Google Ads Phone Number Verification: Good for all, including Call Tracking
New Phone Verification for Google Ads (formerly AdWords) Call Extension
Yesterday Google announced that all advertisers using Ads call extensions and location extensions would need to verify phone number ownership beginning June 2015. The exact wording of the announcement is as follows:
Starting in June 2015, we’ll begin requiring verification of ownership for all call extension and location extension phone numbers, in addition to our existing call extensions and location extensions Ads policies. Call extensions and location extensions that do not meet this policy will be disapproved.
The twittersphere has been abuzz about the new change, and our friends over at Search Engine Land were quick to point out that this isn’t news for Ads customers already using Google’s new call-only ads, launched February 20th. While there’s always interesting speculation about Google’s motives for making a significant change like this, it’s crystal clear why requiring this extra phone number verification step is a win for advertisers and searchers alike.
So What’s Google’s Goal Here?
Since Ads’ inception Google has been laser focused on providing value to advertisers while giving searchers the most reliable, trustworthy information in search results. After all, that’s why we keep coming back to Google to search. Much of this focus has been geared around website visits to URLs. With the advent of Click-to-Call, Call Extensions, and now Call-Only campaigns, Google is adapting its products for the new age when nearly half of all searches are performed on a smartphone.
New Phone Number Verification Is All About Preventing Misrepresentation
Should an advertiser on Ads be able to include, for example, a URL in their ad that displays (and lands at) CallRail.com, but includes a phone number that does not? As a marketer at a company that uses Google Ads, I hope this sort of misrepresentation wouldn’t be allowed. As an everyday searcher on Google, I wouldn’t keep coming back if I clicked-to-call on an ad that rang a phone number unrelated to the business represented in the ad.
The possibility for misrepresentation without this verification ranges from unintentional to fraudulent. For example, an agent or broker of a national insurance brand like State Farm might not think there’s any problem putting www.statefarm.com in her Ads’ ads and activating click-to-call to ring her cell phone. State Farm corporate might have a different opinion and a searcher may think they’re calling the company and not a broker.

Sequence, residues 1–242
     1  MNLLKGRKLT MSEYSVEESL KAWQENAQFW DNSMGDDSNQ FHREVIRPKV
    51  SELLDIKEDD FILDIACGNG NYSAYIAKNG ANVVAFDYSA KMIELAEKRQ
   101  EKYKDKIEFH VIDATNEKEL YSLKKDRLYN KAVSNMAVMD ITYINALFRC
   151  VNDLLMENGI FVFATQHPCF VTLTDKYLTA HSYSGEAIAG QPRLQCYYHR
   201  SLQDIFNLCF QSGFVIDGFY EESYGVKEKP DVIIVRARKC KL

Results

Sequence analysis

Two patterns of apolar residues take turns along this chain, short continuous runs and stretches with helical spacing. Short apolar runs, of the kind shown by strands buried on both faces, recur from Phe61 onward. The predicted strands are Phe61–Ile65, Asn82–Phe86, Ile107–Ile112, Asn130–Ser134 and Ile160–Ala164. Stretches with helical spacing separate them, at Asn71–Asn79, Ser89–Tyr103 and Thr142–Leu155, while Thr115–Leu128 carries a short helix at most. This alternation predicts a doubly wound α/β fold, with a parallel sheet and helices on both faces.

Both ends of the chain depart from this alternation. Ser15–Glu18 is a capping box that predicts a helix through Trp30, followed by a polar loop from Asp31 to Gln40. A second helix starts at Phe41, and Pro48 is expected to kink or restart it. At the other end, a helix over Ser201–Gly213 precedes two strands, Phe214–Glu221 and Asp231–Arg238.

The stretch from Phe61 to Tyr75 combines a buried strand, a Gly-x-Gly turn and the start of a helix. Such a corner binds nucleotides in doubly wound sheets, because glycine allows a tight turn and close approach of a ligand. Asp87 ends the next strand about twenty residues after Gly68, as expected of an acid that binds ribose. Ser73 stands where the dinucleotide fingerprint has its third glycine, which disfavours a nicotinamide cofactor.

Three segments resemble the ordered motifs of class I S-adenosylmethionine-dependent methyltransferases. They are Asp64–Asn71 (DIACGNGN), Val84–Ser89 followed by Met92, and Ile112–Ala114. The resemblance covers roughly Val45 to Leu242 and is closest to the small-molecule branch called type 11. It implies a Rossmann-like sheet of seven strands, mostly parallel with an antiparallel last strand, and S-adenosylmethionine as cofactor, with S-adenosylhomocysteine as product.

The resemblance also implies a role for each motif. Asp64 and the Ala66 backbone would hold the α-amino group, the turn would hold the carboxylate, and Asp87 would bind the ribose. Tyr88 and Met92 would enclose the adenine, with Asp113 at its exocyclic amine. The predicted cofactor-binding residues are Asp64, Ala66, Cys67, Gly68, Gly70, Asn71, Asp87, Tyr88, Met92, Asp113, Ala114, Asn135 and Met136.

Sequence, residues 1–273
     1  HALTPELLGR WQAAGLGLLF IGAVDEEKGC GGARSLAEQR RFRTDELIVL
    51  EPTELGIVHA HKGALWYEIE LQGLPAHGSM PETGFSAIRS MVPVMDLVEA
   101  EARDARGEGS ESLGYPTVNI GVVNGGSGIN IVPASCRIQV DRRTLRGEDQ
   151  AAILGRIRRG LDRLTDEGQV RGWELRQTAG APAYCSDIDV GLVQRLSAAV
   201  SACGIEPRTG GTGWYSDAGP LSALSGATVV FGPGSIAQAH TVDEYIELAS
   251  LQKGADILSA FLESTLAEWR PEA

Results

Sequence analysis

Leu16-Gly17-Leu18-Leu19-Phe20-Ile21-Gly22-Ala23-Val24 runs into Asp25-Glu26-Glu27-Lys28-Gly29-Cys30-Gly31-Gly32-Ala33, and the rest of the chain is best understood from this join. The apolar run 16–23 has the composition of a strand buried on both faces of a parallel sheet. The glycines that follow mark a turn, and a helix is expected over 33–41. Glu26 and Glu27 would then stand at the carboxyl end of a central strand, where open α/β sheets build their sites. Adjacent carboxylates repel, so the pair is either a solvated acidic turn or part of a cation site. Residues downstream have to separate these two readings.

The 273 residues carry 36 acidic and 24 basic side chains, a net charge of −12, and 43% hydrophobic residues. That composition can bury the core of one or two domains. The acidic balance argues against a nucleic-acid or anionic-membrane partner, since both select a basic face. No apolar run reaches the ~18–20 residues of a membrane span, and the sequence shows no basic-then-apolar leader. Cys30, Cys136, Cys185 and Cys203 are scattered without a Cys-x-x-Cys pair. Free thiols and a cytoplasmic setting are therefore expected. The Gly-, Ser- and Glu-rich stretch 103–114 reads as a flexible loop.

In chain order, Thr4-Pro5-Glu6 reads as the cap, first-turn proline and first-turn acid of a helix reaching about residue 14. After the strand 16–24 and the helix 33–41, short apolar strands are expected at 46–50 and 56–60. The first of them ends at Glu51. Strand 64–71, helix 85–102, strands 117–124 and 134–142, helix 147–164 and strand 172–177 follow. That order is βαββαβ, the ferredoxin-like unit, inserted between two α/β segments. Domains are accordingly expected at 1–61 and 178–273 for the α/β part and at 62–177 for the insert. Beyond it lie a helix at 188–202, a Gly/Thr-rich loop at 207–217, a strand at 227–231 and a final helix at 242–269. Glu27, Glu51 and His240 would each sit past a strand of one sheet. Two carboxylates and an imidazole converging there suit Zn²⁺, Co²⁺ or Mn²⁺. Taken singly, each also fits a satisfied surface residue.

On the fraudulent side, there’s countless examples. Think of seeing an ad with the link www.bankofamerica.com in but with a call extension phone number that rings at your local scam artist needing some banking account information for “verification purposes.” It’s these sorts of malicious phishing attacks that will be more difficult with the new phone number verification.
Google Gives 3rd Party Call Tracking the Green Light
Perhaps most important for many of our customers and other marketers using full-service call tracking to measure click-to-call’s from Ads, Google’s announcement is a vote of confidence. In explaining the options for verifying the phone number, Google added this note:
Note: If you’re using 3rd party call tracking you can still use options 2 and 3 to verify your numbers. If applicable, your account team may update your account’s verification status on your behalf.
What this means for all of us who use call tracking is that Google is finally, if tacitly, endorsing the use of 3rd party call tracking. This change reflects an elevation of the call tracking industry within the marketing landscape to one long shared by bid management platforms and other tools that Google has built their products around supporting.
I’m excited about this change. I think it’s a great move on Google’s part and opens the door to more reliable and trustworthy information from our favorite search engine.